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In recent years, cardiospecific proteins of the troponintropomyosin complex in the contractile system of the cardiomyocytes [cardiac troponin I (cTnI)3 and cardiac troponin T (cTnT)] have challenged creatine kinase isoenzyme MB (CK-MB) as the "gold standard" for the early biochemical detection of acute myocardial injury (1-3), and they appear also to be superior to LD-1 in the late diagnosis of acute myocardial infarction (AMI) (4). An additional feature of cTnT is the ability to detect myocardial injury in some of the patients with unstable angina pectoris (UAP) (5-7). Because these patients bear a substantial risk for developing adverse events such as AMI, cTnT and, more recently, cTnI have been proposed to be of value in risk stratification of patients with UAP in view of the possible benefit of an early intervention with antithrombotic therapy (8-10). The cardiospecificity of cTnT compared with cTnI has recently been questioned (11). cTnT is regularly increased in patients with end-stage renal failure (12). In some instances, re-expression in skeletal muscle of the fetal gene for cTnT may occur and form a potential source of nonspecific cTnT with respect to myocardial injury (13). Such re-expressions seem to be possible in such chronic myopathies as muscle dystrophy and polymyositis (14). The first generation of the cTnT assay lacked absolute specificity for the cardiac isoform and allowed interference by skeletal muscle troponin T (TnT) in conditions such as rhabdomyolysis (15). The second generation of the assay system is claimed to be absolutely specific for the myocardial isoform of TnT (16). However, cTnT is still detectable in many cases of end-stage renal failure, to a lesser extent than the first generation but to an extent far more frequent than cTnI (17). The mechanism behind this situation is unclear at the present time; however, a recent a Nonstandard abbreviations: cTn1, cardiac troponin 1; cTnT, cardiac troponin T; CK, creatine kinase; CK-MB, creatine kinase MB isoenzyme; AMI, acute myocardial infarction; UAP, unstable angina pectoris; TnT, troponin T; CK-MBm, creatine kinase MB mass concentration; ECG, electrocardiogram; and URL, upper reference limit of a healthy population. report indicates the presence of some cTnT in skeletal muscle biopsies from patients with end-stage renal failure (13). The specificity of cTnT for the detection of myocardial injury has therefore been debated from both a practical and a theoretical point of view (11). However, studies in unselected patients are few, and the practical impact of these specificity considerations is not known at the present time.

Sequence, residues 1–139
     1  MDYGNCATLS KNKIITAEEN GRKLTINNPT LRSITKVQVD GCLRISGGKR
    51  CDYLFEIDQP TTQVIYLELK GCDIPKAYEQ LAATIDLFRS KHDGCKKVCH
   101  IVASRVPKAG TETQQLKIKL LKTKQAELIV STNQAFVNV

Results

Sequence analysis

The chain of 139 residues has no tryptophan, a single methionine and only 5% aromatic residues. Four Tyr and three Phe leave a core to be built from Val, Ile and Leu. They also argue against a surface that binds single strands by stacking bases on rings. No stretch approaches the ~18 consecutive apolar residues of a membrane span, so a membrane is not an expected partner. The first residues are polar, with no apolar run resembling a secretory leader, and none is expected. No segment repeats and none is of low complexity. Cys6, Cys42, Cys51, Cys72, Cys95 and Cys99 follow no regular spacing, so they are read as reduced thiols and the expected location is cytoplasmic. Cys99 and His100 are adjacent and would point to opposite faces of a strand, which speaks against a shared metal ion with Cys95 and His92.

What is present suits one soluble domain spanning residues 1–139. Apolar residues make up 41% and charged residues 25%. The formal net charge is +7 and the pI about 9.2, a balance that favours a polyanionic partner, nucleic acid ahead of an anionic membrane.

Science & Nature
July 1
American Association for Clinical Chemistry, Inc.
The Gale Group, Inc., a Delaware corporation and an affiliate of Cengage Learning, Inc.

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